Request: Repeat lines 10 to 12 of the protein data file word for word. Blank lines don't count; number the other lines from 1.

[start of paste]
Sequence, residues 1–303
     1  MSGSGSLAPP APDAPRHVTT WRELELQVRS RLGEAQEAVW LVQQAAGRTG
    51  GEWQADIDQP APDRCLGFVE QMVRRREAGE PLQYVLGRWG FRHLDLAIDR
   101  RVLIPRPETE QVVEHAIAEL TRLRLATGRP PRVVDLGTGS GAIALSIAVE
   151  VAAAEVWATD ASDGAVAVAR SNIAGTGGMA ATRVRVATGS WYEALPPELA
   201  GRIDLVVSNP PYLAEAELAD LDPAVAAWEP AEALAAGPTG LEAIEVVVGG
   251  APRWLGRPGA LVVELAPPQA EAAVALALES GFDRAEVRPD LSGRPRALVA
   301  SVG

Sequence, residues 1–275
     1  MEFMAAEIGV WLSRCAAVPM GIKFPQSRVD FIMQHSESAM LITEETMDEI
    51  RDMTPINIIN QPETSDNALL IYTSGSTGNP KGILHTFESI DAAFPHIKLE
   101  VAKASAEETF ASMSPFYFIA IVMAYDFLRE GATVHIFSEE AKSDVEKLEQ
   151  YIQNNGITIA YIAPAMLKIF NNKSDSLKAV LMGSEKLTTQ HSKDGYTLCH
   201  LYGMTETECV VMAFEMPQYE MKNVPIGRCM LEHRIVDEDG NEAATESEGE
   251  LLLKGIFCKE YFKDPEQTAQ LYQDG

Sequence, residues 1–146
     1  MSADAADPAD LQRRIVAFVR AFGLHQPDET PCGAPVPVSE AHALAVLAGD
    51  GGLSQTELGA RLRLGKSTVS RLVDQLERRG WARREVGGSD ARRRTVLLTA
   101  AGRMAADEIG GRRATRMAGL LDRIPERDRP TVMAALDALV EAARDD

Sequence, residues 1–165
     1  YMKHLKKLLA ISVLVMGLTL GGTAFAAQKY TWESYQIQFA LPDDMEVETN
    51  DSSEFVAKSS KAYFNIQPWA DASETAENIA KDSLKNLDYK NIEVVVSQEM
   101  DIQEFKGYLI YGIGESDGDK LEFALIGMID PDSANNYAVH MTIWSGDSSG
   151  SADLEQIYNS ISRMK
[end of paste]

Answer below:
     1  MEFMAAEIGV WLSRCAAVPM GIKFPQSRVD FIMQHSESAM LITEETMDEI
    51  RDMTPINIIN QPETSDNALL IYTSGSTGNP KGILHTFESI DAAFPHIKLE
   101  VAKASAEETF ASMSPFYFIA IVMAYDFLRE GATVHIFSEE AKSDVEKLEQ